“To live would be an awfully big adventure”. -Peter, from J.M. Barrie's Peter Pan
There are some days I walk through my front door, sit down on my floral couch and stare at my old coffee table... wishing I could be at any other place in life than the place I'm in. Deep down I either long for what was or what could be... while trying to cope with what is. Some days I wish I could have my child-like innocence bestowed upon me again... to live in a care-free world, with dreams as big as the church pews on Sunday and as attainable as a piece of grass in a giant meadow. There are days when all I want is to have years of experience on my sleeve, instead of an uncertain and somewhat daunting future staring me in the face, refusing to let me see what is beyond. It is an odd thought to know that my formal education is ending and real life is waiting around the corner... am I the only one who thought Jesus was going to come back before I had to face such a drastic uncertain part of life?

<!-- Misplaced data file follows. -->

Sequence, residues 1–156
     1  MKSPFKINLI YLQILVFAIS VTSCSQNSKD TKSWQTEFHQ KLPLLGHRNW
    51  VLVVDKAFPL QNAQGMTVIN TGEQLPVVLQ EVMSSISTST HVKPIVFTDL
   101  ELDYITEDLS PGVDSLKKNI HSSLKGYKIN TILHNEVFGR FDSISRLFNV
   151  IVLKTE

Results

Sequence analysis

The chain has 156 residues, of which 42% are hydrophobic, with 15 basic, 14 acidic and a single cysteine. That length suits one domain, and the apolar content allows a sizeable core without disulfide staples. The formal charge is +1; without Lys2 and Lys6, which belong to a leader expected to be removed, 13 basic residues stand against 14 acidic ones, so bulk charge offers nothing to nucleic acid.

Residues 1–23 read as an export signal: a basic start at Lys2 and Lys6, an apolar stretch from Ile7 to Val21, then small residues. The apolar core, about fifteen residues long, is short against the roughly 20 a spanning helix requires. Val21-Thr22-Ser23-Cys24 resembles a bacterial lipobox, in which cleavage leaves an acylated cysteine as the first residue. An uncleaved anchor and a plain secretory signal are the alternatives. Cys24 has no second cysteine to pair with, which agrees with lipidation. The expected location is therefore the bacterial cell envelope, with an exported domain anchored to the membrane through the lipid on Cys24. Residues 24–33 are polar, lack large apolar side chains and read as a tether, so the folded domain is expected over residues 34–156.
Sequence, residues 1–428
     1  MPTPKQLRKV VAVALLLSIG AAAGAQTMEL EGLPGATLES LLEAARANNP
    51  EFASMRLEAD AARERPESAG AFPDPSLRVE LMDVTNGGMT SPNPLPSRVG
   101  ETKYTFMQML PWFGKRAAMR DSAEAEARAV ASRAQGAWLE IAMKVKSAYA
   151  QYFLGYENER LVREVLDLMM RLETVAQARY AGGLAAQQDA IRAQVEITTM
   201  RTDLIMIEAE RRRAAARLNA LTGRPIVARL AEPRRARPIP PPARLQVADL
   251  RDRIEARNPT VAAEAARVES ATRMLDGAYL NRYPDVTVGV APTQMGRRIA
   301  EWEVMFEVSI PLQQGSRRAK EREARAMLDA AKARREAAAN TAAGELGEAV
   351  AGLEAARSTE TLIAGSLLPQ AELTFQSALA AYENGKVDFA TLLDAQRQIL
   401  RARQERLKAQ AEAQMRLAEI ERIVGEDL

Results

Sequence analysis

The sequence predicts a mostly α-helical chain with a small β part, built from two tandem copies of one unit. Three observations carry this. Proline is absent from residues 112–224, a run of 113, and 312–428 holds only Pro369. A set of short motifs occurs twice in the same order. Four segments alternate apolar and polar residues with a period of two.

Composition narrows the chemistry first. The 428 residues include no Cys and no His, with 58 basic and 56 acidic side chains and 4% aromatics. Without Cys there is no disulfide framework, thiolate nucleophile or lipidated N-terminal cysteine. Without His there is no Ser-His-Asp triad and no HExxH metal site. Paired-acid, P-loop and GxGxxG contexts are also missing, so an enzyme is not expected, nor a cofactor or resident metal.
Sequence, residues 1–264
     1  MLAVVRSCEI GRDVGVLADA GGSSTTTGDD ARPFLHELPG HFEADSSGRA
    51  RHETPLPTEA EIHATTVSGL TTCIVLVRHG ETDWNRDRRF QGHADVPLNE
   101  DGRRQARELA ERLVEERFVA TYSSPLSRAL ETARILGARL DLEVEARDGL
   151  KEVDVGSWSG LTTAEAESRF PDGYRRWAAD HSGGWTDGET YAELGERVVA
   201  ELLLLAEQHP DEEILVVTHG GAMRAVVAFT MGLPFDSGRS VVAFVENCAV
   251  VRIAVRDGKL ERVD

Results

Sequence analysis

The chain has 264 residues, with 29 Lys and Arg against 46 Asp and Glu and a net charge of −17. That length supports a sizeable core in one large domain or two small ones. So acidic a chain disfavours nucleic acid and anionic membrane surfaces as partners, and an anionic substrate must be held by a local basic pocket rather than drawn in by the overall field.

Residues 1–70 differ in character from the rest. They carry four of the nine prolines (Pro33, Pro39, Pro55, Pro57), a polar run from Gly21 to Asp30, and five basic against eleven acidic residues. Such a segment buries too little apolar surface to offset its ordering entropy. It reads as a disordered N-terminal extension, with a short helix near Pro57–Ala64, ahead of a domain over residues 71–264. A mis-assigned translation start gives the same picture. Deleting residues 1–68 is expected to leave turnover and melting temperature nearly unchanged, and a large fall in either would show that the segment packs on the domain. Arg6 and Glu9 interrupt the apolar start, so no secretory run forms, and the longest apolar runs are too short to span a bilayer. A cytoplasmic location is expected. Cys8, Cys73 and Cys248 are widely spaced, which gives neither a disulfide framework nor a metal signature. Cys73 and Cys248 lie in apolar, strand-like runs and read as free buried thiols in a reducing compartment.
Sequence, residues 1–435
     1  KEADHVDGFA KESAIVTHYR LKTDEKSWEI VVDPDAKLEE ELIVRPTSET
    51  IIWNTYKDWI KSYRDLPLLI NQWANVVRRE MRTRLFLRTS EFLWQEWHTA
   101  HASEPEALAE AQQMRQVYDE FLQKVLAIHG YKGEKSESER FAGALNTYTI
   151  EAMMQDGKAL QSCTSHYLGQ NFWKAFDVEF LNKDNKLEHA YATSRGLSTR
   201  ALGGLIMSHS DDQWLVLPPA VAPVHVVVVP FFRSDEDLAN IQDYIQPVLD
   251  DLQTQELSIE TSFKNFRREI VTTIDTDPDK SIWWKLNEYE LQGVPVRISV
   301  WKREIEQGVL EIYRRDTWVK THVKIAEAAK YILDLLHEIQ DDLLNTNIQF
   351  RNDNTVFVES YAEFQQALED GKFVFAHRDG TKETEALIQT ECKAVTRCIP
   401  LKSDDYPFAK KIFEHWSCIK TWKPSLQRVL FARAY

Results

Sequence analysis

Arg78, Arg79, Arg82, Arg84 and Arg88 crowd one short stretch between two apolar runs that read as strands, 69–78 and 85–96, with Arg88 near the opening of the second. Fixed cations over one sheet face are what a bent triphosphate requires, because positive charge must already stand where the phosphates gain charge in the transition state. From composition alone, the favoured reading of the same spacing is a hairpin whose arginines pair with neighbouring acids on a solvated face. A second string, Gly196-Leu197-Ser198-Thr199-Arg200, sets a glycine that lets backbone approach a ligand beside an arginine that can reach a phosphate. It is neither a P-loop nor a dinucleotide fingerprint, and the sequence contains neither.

This past summer I read Luci Swindoll's I Married Adventure. She's seventy something and has seen the back of her hand so often she not only remembers what it looks like, but knows when each wrinkle and crevis arrived. She said that when we are young we want nothing but to be older. And when we are older we desire nothing but to be younger. And in my early twenties, I want so much... I want my dream job, I want a non-profit that sells re-stitched vintage clothes. I want to be a successful writer. I want to roadtrip the entire West Coast. I want to read books for a whole week straight. I want to be married. I want to be laughing around a dining room table with too many friends squeezed around it, dreaming up creative ideas and new ways to take community out of the cliche box it has been put into... and on days when life is tiring and seemingly overwhelming, I'm tempted to think I want nothing but retirement.
But those "sit and stare" thoughts linger for a time and then, with an understanding wink and a kind wave, they leave. I am here. In the present. I cannot go back. And I cannot move forward as nimbly as I think I can. I cannot skip over living life. What's the fun in living out dreams if I haven't reached for them? And when I look back on the small part of life I have lived, I ask why I would ever want to fast forward or rewind... even through the difficult chapters.